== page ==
Over the gate...

Designed in 1913 by Victorian/Edwardian/other architect Theophilus A Allen; John Lennon's house between 1964 and 1968; sunroom, attic and prisco stripe hibernice; Mellotron and caravan; Babidji and Mimi; mortar and pestle; Wubbleyoo Dubbleyoo; curios and curiosity; remnants and residue; testimonials and traces; (Cavendish Avenue, Sunny Heights and Kinfauns); Montagu Square; various random shite now that Kenwood stuff has pretty much dried up; mock Tudor: Brown House: *KENWOOD*.

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Thursday, 20 August 2009

Kenwood: 1913 part 1.






On May 1st 1913, architect Theophilus A Allen submitted his plan for "Proposed House For Norman H Johnson Esq At St Georges Hills" to the Walton-on-Thames Urban Council for planning approval....and here, following a couple of months rummaging around various Home Counties archives, is the part depicting the ground floor area. What the plan shows is not only pre-Kenwood, but also pre-Brown House - the name eventually given to this inaugural incarnation.
The first thing you notice is how much smaller it was originally - the whole north-west section, which is what one pictures most readily when Kenwood comes up in everyday conversation (err...), simply didn't exist then: So no sunroom, no left-hand extension, and only one of those distinctive Hansel and Gretel windows. These days it's easy to forget that this is actually the back of the house - not a mistake you'd have made in 1913.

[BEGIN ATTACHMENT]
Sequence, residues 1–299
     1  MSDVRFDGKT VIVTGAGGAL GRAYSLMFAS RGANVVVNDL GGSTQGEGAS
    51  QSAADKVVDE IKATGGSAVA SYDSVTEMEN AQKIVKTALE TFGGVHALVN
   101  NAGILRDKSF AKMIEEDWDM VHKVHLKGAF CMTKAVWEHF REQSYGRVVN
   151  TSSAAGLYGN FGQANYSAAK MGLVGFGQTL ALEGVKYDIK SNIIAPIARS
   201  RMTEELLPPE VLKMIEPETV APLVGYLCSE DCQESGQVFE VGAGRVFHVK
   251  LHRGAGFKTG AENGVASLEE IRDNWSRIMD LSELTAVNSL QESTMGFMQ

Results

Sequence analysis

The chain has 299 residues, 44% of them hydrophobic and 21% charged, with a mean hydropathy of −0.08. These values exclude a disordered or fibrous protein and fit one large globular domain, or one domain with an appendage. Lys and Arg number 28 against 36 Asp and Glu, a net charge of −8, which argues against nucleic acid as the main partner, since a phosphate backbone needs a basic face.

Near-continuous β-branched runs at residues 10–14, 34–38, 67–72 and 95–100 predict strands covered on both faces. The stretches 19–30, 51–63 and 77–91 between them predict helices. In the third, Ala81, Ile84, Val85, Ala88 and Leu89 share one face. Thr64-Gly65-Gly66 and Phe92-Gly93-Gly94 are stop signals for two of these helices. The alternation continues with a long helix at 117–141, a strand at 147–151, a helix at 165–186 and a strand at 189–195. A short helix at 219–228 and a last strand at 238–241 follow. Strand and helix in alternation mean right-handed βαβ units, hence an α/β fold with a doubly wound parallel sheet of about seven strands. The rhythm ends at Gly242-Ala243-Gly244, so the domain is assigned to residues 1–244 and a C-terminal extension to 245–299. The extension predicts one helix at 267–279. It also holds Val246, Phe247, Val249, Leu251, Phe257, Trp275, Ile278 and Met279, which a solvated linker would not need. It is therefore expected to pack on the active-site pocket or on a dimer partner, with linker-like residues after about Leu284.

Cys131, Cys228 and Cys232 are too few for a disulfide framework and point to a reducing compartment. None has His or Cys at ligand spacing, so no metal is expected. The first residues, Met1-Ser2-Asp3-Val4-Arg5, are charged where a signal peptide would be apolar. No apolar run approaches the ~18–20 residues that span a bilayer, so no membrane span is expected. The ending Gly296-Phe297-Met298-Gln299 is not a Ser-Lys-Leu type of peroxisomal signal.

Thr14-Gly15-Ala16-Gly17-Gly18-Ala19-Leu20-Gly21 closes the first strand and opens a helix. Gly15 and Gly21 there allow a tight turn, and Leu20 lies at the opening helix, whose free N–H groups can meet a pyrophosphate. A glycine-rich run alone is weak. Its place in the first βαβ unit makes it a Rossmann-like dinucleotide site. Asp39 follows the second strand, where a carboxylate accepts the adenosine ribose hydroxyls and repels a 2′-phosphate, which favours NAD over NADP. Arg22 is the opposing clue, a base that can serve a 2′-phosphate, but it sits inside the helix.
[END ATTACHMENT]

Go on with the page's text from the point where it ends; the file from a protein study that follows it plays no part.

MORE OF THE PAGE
The next thing that is apparent is the way the ground floor has been divided up: On the one hand you have the servants' areas, namely the servants' hall, the kitchen, the pantry, the coal room (every room had a coal burning fireplace in those pre-central heating days), the scullery, the knives and boots room(!) and the fenced off yard. On the other hand there were the three grand rooms for the master of the house - the study, the drawing room and the dining room. And rarely the twain would meet. It's interesting that in the 50 or so years separating Norman H Johnson from John W Lennon, this type of segregation, as reflected in the room layout, had largely disappeared. Although John employed a housekeeper, a gardener and a chauffeur, none of them were live-in: The servants in Mr Johnson's time would have lived in the attic.
I've wasted yet another half hour of my life crudely altering one of Joe Baiardi's back yard pics from 2008 to give a rough idea of how this end of Kenwood might have been back then. Again, judging by the lack of windows on the plan, it would appear the back of the house was strictly functional, and somewhat inelegant - in marked contrast to the eccentric charm of the rest. Whatever, this is fascinating stuff, and I'll be posting the other portions of Mr Allen's work in due course.

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